Political violence against women: A case from the Central African Republic
By: Chase Podsakoff
Sitting at her desk with the Central African flag behind her, Beatrice Epaye’s sustained gaze hints at courage and determination. And she has both in quantities. While running for a parliamentary seat in the December 2020 election, she recalls the many physical and verbal attacks and threats she faced as a woman.
“It is our right to sit at the decision-making tables, not just around them. Last elections showed us that we still have a long way to go,” she nods. “Many more women [than men] are attacked during an election campaign,” says the MP and women’s rights advocate.
Violence against women is clearly a deterrent to their involvement in politics, pushing many of them out of political activities and muting their voices. According to an Expert Group Meeting from 2018, 44.4 percent of women in politics surveyed across 39 countries in 2016 reported having received threats of death, rape, assault, or abduction. One fifth said they had been subjected to sexual violence. But the severity of this matter is perhaps greater as violence against women tends to be under-reported, and crimes unpunished.
UN peace operations are working to mitigate and prevent violence against women and support protection efforts to ensure women’s participation in their country’s peace processes. This has become even more urgent as COVID-19 has exacerbated gender inequalities and increased violence against women.
CAR women targeted by electoral violence
Over recent decades, persistent social and political upheaval in the Central African Republic (CAR) has wrought particularly negative impacts for women and their participation.
It is reported that 80% of women in CAR have experienced sexual and gender-based violence (SGBV). Women involved in the peace process and the political sphere are not exempt from this statistic. In fact, they are targeted because of their participation. According to UN Women, many candidates — women in particular — were threatened, robbed and even physically assaulted in the last CAR election cycles.
“Why is it that women are not among men to decide the future of the country?” she asks. To exclude women is to exclude roughly half of the population, putting peace efforts and democracy at risk. To address this, the peacekeeping mission in CAR, MINUSCA, has been implementing new ways of redress and fostered innovative partnerships with local women, such as Beatrice.
Women’s situation rooms
In the recent legislative and presidential elections in CAR, MINUSCA, with the support of UN Women, supported women organizations in establishing 16 women’s situation rooms and a 24-hour hotline. These efforts helped enhance women’s protection through tracking and reporting risks, threats and incidents of violence against women. Beatrice utilized this hotline after she was targeted and assaulted for her political engagement. Peacekeepers “arrived luckily to root out the attackers around me,” she recalls. “They continued to patrol and monitor threats.”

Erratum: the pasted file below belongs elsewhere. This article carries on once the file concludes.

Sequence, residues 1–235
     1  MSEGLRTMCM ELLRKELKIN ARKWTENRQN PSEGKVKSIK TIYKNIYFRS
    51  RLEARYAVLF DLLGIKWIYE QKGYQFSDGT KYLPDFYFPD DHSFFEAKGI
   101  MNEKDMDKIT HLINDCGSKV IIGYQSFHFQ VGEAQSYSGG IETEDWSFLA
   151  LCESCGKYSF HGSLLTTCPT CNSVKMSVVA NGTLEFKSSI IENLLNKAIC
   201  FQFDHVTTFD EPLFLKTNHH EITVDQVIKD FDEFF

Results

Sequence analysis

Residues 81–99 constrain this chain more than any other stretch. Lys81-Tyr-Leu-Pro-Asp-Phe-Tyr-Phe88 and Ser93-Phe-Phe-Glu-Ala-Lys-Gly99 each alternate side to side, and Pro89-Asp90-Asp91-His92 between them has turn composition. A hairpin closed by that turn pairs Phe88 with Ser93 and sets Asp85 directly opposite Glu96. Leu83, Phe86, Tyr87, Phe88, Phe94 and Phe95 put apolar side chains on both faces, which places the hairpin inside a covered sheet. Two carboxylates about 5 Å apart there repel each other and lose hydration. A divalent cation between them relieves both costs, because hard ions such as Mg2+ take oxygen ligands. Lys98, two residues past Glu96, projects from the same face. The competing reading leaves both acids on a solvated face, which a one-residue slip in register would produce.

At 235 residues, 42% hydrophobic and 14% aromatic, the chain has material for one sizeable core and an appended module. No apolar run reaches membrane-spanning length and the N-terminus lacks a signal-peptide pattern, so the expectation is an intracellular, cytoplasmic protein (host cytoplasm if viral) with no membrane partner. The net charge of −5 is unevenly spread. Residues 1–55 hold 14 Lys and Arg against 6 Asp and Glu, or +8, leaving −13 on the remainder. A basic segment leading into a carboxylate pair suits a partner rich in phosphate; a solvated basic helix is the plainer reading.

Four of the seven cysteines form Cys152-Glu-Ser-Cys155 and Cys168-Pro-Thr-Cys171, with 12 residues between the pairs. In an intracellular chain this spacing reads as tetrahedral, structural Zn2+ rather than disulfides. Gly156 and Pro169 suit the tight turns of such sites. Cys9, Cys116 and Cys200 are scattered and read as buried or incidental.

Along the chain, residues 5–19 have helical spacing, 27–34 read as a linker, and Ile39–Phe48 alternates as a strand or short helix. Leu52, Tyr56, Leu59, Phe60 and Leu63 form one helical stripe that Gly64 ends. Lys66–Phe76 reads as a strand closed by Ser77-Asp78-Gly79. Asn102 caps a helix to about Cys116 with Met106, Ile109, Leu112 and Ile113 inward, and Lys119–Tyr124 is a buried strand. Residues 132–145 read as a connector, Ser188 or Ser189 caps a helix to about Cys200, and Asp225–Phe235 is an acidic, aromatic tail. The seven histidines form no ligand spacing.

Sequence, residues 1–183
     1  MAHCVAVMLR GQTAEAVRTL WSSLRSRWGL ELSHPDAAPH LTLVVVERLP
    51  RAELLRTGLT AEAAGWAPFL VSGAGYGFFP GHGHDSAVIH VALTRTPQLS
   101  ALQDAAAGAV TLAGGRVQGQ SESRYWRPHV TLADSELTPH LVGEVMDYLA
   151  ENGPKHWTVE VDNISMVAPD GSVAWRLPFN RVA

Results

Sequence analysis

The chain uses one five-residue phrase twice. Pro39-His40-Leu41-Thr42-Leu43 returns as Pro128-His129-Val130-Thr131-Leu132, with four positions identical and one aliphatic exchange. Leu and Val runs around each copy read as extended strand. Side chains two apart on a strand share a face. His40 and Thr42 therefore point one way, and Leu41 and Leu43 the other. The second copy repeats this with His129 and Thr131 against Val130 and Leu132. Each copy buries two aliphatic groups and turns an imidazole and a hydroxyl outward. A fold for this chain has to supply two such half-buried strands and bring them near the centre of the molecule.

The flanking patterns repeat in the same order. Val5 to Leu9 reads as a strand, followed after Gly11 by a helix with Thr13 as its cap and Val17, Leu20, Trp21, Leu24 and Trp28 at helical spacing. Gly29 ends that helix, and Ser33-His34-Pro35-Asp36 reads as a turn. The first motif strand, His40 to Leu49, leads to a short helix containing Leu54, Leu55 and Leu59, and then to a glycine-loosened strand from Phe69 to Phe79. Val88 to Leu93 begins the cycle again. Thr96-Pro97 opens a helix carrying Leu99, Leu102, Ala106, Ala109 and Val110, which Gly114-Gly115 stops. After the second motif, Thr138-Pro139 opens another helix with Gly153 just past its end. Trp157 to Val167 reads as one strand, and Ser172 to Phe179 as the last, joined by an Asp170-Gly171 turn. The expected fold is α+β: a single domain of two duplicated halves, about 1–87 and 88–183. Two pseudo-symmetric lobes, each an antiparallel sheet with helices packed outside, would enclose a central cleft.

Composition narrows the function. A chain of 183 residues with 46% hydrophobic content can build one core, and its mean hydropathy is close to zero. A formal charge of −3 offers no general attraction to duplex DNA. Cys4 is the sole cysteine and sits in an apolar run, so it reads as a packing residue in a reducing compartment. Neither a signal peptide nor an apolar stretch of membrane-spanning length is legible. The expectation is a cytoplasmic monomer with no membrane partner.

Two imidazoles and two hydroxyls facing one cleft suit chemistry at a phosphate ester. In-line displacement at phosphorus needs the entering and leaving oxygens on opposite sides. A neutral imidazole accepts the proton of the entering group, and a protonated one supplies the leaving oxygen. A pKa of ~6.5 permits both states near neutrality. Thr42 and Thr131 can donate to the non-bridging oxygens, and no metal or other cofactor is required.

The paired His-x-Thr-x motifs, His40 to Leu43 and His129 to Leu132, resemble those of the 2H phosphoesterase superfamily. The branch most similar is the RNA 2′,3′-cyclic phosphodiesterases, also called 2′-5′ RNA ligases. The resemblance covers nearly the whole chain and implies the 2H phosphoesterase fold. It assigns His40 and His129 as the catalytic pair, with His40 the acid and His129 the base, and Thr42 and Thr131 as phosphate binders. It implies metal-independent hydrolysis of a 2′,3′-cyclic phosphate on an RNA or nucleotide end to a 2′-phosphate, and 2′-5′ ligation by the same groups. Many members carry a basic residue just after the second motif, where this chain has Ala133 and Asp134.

MINUSCA also provides support to ensure women are at the center of the peace processes at all levels. “I was working with MINUSCA on local peace agreements. Together, we were able to talk to the armed groups so they would sign a ceasefire agreement among themselves.” In essence, such innovative partnerships, also called for in the Secretary-General’s Call to Action to peacekeeping partners on women’s participation in peace and security, are critical to prevent violence against women.
Effectively this approach has helped strengthen women’s participation. Beatrice is now joined by 17 other women in the Parliament, up from 11 in the previous parliament. The number of women engaged in the Local Peace and Reconciliation Committees in CAR has reached 50 per cent. Beatrice and her colleagues are determined to continue strengthening women’s participation and prevent violence against women. “We are not giving up. We have created a Women Parliamentarians Forum…Together we will work in the Parliament to vote for gender-sensitive laws”.
The collaboration between peacekeeping missions and local women leaders on the ground continues to prove gains but more support is needed to ensure these efforts can continue to meet the challenges that come with changing times in CAR and other peacekeeping contexts.
Local women are on front lines battling for their full, equal and meaningful participation. Although the fight is long from over, the persistent strength of women like Beatrice is a sign of momentum. “Our lives are at stake, but we have not given up. The proof? I am still here.”
Learn more about other women leaders and peacebuilders working to advance peace in their countries, supported by UN Peacekeeping, through the In Their Hands exhibition.
Chase Podsakoff currently interns at the Department of Peace Operations’ Gender Unit.
* Sexism, harassment and violence against women parliamentarians. (https://www.ipu.org/resources/publications/issue-briefs/2016-10/sexism-harassment-and-violence-against-women-parliamentarians)